RE-1 Valley’s school district funding percentages, 1989 and 2015
Last month, the RE-1 Valley Board of Education declared a “fiscal exigency,” meaning that the district is under distress, being unable to financially meet the current budget’s requirements. In an attempt to solve this issue, the board decided in a vote to cut two full-time teaching positions as well as cut certain programs within the district. These measures will reportedly save the district roughly $124,000. This amount is more because it is the additional cuts, as well as the teaching positions that were part of the exigency action, the total amount is $260,000
In short, the district is spending more than they are receiving. As outlined in a presentation conveyed by Superintendent Jan DeLay, 65% of the school district’s finances are funded by the state, and 35% by the local community. However, the state’s 65% comes from a budget enacted in 1994, making it greatly outdated for the current times of 2016 (not to mention that Colorado is far below the US average for per pupil spending). This outdated budget has forced the district to tap more and more into its reserve finances to fund the array of programs and positions. Nonetheless, DeLay has asserted that although we are a “healthy district” with a good supply in reserve, we “cannot continue on this course much longer.”
Additional issues that render the budget outdated, as outlined by the school board presentation pg. 5
–Gradual enrollment decline, 644 (smaller families, decline in area population, school choice options) 66 students on (bus) route in 1999, same route only has one student (added to another bus route) in 2016. Farm families growing up and leaving.
–Increase in at-risk student population by more than 400 students
–Dramatic increase in unfunded mandates, reporting, and regulations, much that include use of technology.
–Increased costs (healthcare, retirement, transportation).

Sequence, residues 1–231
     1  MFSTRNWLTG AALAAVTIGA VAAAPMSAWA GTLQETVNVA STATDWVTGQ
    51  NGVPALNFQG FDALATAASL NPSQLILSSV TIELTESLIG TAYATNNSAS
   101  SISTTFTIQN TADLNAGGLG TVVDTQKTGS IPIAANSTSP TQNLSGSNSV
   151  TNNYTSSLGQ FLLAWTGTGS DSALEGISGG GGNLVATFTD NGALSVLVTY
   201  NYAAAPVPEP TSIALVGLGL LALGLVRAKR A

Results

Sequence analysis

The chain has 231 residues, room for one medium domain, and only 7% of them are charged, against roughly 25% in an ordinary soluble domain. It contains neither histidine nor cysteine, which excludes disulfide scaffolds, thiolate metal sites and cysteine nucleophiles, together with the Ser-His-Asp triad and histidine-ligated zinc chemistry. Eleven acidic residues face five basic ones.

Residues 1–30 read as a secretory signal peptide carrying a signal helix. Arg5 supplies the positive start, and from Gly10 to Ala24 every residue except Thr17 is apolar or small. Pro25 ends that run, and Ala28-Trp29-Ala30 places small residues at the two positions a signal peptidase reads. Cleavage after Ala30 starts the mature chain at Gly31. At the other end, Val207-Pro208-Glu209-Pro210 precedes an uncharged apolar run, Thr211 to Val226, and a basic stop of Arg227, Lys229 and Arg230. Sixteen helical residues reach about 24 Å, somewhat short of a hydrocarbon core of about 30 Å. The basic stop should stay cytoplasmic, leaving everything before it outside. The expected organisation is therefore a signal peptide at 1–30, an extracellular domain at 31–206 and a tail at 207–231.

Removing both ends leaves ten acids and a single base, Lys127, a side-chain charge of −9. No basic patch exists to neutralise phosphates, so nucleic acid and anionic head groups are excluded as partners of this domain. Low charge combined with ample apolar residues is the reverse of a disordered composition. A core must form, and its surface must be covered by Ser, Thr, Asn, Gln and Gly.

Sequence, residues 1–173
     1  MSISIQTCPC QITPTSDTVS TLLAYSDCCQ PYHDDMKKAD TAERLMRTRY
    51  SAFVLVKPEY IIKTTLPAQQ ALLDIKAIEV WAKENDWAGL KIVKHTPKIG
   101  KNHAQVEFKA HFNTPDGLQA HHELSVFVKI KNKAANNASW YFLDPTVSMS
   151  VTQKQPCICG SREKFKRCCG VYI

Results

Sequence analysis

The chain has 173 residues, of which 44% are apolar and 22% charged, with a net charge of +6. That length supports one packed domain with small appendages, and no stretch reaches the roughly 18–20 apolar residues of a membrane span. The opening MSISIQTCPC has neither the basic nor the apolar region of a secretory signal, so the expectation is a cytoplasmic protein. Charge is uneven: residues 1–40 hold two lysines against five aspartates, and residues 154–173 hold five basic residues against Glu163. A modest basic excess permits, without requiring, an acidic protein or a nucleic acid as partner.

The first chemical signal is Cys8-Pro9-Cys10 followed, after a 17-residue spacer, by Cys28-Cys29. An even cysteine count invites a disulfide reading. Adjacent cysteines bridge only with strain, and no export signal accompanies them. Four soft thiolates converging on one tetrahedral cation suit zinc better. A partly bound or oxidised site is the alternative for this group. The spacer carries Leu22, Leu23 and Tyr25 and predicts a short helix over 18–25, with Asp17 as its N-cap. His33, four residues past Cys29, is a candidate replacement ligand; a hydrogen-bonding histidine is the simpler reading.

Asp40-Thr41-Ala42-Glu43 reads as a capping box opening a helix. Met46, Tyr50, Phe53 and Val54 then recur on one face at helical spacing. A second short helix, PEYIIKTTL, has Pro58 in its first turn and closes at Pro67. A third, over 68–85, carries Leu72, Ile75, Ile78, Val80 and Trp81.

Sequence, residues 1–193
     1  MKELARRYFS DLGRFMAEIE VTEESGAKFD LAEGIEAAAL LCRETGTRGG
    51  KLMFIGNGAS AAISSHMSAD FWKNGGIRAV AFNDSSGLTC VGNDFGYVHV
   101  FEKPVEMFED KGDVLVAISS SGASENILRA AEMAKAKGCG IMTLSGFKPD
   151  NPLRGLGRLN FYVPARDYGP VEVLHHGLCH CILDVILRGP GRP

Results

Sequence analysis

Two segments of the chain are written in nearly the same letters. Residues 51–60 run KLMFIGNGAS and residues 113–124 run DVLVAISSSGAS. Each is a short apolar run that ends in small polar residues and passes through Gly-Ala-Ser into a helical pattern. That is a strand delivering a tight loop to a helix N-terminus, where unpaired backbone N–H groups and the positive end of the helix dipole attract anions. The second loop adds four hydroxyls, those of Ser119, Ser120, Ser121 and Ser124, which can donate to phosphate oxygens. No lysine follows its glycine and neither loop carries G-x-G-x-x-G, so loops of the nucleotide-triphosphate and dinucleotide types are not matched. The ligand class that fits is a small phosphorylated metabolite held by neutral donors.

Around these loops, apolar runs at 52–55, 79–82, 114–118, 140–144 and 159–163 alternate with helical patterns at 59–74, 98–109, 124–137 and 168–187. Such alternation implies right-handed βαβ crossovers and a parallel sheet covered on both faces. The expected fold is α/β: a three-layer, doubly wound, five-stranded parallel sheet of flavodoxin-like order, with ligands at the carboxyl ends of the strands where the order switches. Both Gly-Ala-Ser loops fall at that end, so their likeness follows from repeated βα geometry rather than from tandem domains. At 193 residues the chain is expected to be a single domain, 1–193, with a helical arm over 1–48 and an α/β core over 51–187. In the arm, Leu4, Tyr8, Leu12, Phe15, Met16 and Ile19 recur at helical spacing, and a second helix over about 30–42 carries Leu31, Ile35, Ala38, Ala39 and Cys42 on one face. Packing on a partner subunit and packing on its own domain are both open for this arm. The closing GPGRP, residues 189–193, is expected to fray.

In terms of the programs, DeLay emphasizes “redefining” them rather than “cutting,” and that it is the school district’s genuine intention to do so. Technology for instance will be a large factor in this “redefinition,” providing alternative options all meant to, as DeLay assures, provide more options for the student body. Athletics, student clubs and organizations should have no worry, but still, a few teaching positions will be cut, and several programs will have to be adapted for next year. DeLay stresses that the district will try to not let this affect the student body and their learning as much as possible, as this is rather a necessary, though difficult, act and not something that the district itself wants to do. This has all merely been subject to ill circumstances, and so new-found attempts will be made to alleviate them.
These alleviations bring hopeful alternatives on the rise as well. As DeLay informs that the area has already looked to local community support for help, “all Front-Range Districts, along with Holyoke and Yuma, except Greeley, have passed overrides in the past five years to support strong local schools.” So rest assured, RE-1 Valley is trying to increase its local funding, but it can’t succeed on that alone. When questioned whether the state of Colorado will produce new legislation calling for a new and up-to-date budget and better financial support, DeLay states that is all, “in the hands of the voters.”
Additional Cost Cutting Measures, as outlined by the school board presentation pg. 9
–Consolidation of schools
–Closing of alternative school
–Cut in athletics
–Cut in teaching staff
–Cut in support staff
–Deferred school bus replacement
–Energy Savings contract that included guaranteed savings
–Alignment and organization of online resources rather than textbook purchases
–Cessation of extra duty stipends for work completed during the work day
–Water services (drinking and soft water) cancelled with exception of Early Childhood program (required for preschool licensing)
Additional Strengthening Strategies, as outlined by the school board presentation pg. 10
–Safety Structure Enhancements at each building
–Blended Learning Online Program
–Career Tech Ed Enhancements
–Environmental Improvements with Energy plan (heating, controls, building envelope)
–Increased Concurrent Enrollment with NJC
–Small class sizes
**The superintendent would like to clarify that the tax for education under the Amendment for recreational marijuana, is not easily accessible or useful for the district’s situation. The amendment requires funds to only be accessed through competitive grants, which also require a 45% match in the district’s funds, and all must be spent only on construction (building new schools).**